Services are intangible in nature which provides satisfaction of wants. The basic  differences between services and goods are: 

i. Services is an activity or process, but goods are physical object 
ii. Services are intangible in nature, but goods are tangible in nature. 
iii. In services production and consumption are simultaneous, but in goods they are  separated. 
iv. Services cannot be kept in stock, while goods can be kept in stock…… 

Types of Services: 

1. Business services: It means those services which help in the successful running of a  business.
Eg: banking, insurance, transportation, communication …… 

2. Social services: Which are generally provided voluntarily to fulfill social goals.
Eg:  health services, charity…. 

3. Personal services: Which are experienced differently by different people. They are  not consistent in nature.
Eg: tourism, restaurants, tailoring …. 

Classification of Business services

BANKS: A bank is an institution, which is primarily engaged in receiving money from the  public by way of deposits and provides the same to those who are in need of it as loans and  advances. According to Banking Regulations Act 1949, banking means, “accepting for the  purpose of lending or investment of deposits of money from the public, repayable on  demand or otherwise and withdrawable by cheque, draft or otherwise”.  

Banks can be classified into the following: 

1. Cooperative Banks: They are governed by the provisions of State Cooperative  Societies Act . They act as an important source of rural credit ie, agricultural finance.

2. Specialized banks: They are established for some specific purposes such as foreign  exchange, industrial credit, export-import….. 

3. Central Bank: They supervise, control and regulate the commercial banks and act as a  government banker. In India RBI is the central bank. 

4. Commercial Banks: They are governed by the Indian Banking Regulation Act, 1949.  They are further classified into public sector, private sector and foreign banks. 

Types of Commercial Banks: 

2. Private Sector Banks: They are owned and managed by private parties. The private sector  banks consist of 25 old commercial banks and 9 new generation banks( ICICI, HDFC…). Eg. Federal Banks, ICICI,South Indian Bank, Dhanalekshmi Bank ….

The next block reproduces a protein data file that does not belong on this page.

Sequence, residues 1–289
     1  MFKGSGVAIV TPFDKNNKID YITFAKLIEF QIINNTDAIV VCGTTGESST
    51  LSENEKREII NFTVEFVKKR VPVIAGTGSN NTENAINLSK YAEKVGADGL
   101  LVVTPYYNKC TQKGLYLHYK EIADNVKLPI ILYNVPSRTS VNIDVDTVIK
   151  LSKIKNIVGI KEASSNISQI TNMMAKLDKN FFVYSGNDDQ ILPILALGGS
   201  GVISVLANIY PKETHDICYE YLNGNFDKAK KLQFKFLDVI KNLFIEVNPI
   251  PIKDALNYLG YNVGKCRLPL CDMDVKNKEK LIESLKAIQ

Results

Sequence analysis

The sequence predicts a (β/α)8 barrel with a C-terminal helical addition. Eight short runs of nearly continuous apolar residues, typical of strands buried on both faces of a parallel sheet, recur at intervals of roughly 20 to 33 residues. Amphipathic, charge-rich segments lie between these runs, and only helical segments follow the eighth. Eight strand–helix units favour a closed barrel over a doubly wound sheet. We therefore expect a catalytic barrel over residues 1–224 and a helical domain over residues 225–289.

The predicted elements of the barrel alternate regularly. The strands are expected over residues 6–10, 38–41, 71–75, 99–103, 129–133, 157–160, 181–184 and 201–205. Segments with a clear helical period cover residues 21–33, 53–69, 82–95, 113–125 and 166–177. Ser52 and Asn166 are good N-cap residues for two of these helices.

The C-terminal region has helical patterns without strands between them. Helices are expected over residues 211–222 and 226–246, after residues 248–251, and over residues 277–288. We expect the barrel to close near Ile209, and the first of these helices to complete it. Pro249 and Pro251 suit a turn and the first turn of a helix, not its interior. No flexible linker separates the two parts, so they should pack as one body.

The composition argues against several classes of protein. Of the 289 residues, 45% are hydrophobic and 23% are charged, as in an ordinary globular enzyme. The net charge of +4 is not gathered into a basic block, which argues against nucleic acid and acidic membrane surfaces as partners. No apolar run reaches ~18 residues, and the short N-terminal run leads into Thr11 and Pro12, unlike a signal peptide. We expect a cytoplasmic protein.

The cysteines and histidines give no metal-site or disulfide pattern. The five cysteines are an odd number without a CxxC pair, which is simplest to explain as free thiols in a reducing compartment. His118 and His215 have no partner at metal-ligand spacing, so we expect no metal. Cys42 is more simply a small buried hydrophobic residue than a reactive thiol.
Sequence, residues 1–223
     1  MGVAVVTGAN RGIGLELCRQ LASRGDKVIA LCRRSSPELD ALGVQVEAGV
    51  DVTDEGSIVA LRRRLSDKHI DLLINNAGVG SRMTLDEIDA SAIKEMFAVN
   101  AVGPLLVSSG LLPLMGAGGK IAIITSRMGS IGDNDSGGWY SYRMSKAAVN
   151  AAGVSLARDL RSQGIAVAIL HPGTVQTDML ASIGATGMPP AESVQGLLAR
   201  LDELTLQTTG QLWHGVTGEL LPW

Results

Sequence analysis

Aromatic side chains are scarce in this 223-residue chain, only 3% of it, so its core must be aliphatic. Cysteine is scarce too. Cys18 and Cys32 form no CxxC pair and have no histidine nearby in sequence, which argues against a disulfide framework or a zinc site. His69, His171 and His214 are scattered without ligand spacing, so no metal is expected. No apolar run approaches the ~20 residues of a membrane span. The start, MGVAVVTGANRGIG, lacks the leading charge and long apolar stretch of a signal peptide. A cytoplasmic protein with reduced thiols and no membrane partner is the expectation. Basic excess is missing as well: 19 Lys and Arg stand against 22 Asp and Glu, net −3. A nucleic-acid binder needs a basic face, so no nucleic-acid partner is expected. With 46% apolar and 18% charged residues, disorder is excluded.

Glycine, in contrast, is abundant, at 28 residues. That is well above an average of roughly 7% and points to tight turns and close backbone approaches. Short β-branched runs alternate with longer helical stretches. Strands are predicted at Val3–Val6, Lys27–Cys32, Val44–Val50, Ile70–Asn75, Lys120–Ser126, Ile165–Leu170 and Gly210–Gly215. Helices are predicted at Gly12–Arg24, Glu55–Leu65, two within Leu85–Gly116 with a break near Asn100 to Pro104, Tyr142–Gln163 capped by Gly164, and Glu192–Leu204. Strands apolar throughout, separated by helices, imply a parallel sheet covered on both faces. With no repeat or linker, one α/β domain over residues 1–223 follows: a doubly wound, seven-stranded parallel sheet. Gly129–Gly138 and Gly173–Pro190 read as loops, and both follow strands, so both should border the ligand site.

3. Foreign Banks: Banks have a place of origin at foreign country but operate with in India  are called foreign banks. Eg.:Citi banks, Standard Chartered Banks, Bank of America, HSBC,…. 

Functions of Commercial Banks: 

A. To Accept Deposits: Deposits received from the public constitute the major resource  available to a bank. Four types of deposits are usually accepted by banks. They are: a. Fixed Deposits: Under this a fixed amount is deposited for a specific period. Normally it is  repayable on the maturity period. It carries a higher rate of interest. Banks issue FDR (Fixed  Deposit Receipts) when they accept fixed deposit. It is also known as ‘time deposits’ or ‘term  deposits’. 

b. Saving Bank Deposits: This types of deposits helps in the mobilization of savings of the  general public. It carries a lower rate of interest than fixed deposits. There are certain  restrictions on operating this account such as keeping a minimum balance in the account,  frequency and volume of withdrawals etc. 

c. Current Deposits: This type of account is usually operated by businessmen. There is no  restriction on the frequency and volume of deposits or withdrawals of money. This account  carries Over Draft (OD) facility. This deposit does not generally carry any interest. d. Recurring Deposits: In this type of account a fixed amount is to be deposited at regular  intervals for a fixed period of time. The amount deposited is repaid on the date of maturity  together with interest. This is mainly focused to encourage the saving habit of fixed income  group. 

B. To give Loans and Advances: This is the second important function of commercial  banks. Banks usually lend money in the form of cash credit, overdraft, loans and advances  and by discounting bills of exchange. 

a. Cash Credit: In this the banks open cash credit account in the name of the borrower and  permit his to withdraw money up to the sanctioned limit. Interest is to be paid on the  amount actually withdrawn by him. 

b. Overdraft (OD): It is an arrangement where customers are permitted to withdraw cash  up to a level over and above their deposits in the account. Interest is to be paid only on the  actual amount of OD. Generally OD is granted to businessmen against their current accounts.

c. Discounting bill of exchange: In this the banker will credit the amount of the commercial  bill in the customer’s account after deducting a small amount of discount.

d. Term loan: Banks also provide medium term and long term loans to their customers. The  amount of loan may vary depending upon the requirements of the borrower. 

C. Cheque facility: Bank collects customer’s cheque drawn on other bank. There are two  types of cheques mainly:
(a) bearer cheques (encashable immediately at bank counters) 
(b) crossed cheques (deposited only in the payees account). 

D. Remittance of funds: Bank provides the facility of fund transfer from one place to another.  The transfer of funds is administered by using bank drafts, pay orders or mail transfers, on  nominal commission charges. 

E. Other Services: It include various services such as bill payments, locker facilities,  underwriting services, payment of insurance premium, collection of dividend, buying and  selling of shares on behalf of customers……….